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The Sikhs of the Punjab
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  • Cited by 7
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    This book has been cited by the following publications. This list is generated based on data provided by CrossRef.

    Dorn, A. Walter and Gucciardi, Stephen 2011. THE SWORD AND THE TURBAN: ARMED FORCE IN SIKH THOUGHT. Journal of Military Ethics, Vol. 10, Issue. 1, p. 52.


    Javid, Hassan 2011. Class, Power, and Patronage: Landowners and Politics in Punjab. History and Anthropology, Vol. 22, Issue. 3, p. 337.


    Peers, Douglas M. 2011. The Encyclopedia of War.


    Roy, Anjali Gera 2011. Celebrating ‘the sons of Jats’: the return of tribes in the global village. South Asian Diaspora, Vol. 3, Issue. 1, p. 89.


    Barrier, N. G. 2006. Trauma and memory within the Sikh diaspora: Internet dialogue. Sikh Formations, Vol. 2, Issue. 1, p. 33.


    McLeod, Hew 1999. Sikhs and Muslims in the Punjab. South Asia: Journal of South Asian Studies, Vol. 22, Issue. sup001, p. 155.


    Bayly, C.A. 1998. The first age of global imperialism, c. 1760–1830. The Journal of Imperial and Commonwealth History, Vol. 26, Issue. 2, p. 28.


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    The Sikhs of the Punjab
    • Online ISBN: 9781139053365
    • Book DOI: http://dx.doi.org/10.1017/CHOL9780521268844
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Book description

In a revised edition of his original book, J. S. Grewal brings the history of the Sikhs from its beginnings in the time of Guru Nanak, the founder of Sikhism, right up to the present day. Against the background of the history of the Punjab, the volume surveys the changing pattern of human settlements in the region until the fifteenth century and the emergence of the Punjabi language as the basis of regional articulation. Subsequent chapters explore the life and beliefs of Guru Nanak, the development of his ideas by his successors and the growth of his following. The book offers a comprehensive statement on one of the largest and most important communities in India today.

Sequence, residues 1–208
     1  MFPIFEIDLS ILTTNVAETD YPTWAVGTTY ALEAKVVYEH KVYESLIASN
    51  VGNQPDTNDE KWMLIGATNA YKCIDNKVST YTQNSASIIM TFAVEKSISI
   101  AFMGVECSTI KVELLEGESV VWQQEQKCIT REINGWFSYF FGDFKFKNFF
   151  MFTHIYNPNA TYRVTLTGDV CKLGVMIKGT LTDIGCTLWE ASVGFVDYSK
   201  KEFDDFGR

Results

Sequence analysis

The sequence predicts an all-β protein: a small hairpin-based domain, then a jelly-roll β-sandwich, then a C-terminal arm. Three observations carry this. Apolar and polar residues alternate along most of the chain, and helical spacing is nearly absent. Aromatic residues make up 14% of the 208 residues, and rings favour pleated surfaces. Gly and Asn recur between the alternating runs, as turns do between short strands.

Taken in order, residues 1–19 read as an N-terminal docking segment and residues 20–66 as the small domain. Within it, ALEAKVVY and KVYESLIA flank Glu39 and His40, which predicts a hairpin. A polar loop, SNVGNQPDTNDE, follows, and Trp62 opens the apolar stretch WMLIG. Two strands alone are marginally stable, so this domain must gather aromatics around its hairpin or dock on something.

Reviews

‘... simply the best, most clearly written, and most useful one-volume historical survey of the subject that currently is available.’

Source: Religious Studies Review

‘... a valuable text for students who wish to study Sikh history, and fundamental reading for scholars of South Asian history and religion.’

Source: The Journal of Asian Studies

‘A timely publication which the rulers in Delhi would do well to read.’

Source: The Hindu

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  • 1 - The Turko-Afghan Rule
    pp 9-27
  • DOI: http://dx.doi.org/10.1017/CHOL9780521268844.003
  • View abstract
    Summary
    More important than wars and battles were the administrative arrangements made by the Turko-Afghan rulers which had a more lasting effect on the lives of the people. The Lodhi Sultans, acknowledged the fictional authority of the Abbasid Caliphs by styling themselves as their deputies. The cities and towns of the Punjab, as elsewhere in northern India, served as the centres not only of administration but also of Muslim culture. Imported by the immigrant Muslims, ideological differences were perpetuated by those who came under their influence in India. It is easy to identify three old sects: the Sunni, the Shia and the Ismaili. In Indian sūfī literature emphasis is laid on repentance, renunciation and satisfaction with whatever is ordained by God. Even in towns founded by Turkish or Afghan administrators the proportion of Hindus was very considerable. For a really lower-class movement we have to look to the Sants of northern India. They were deeply influenced by the Vaishnava bhakti movement.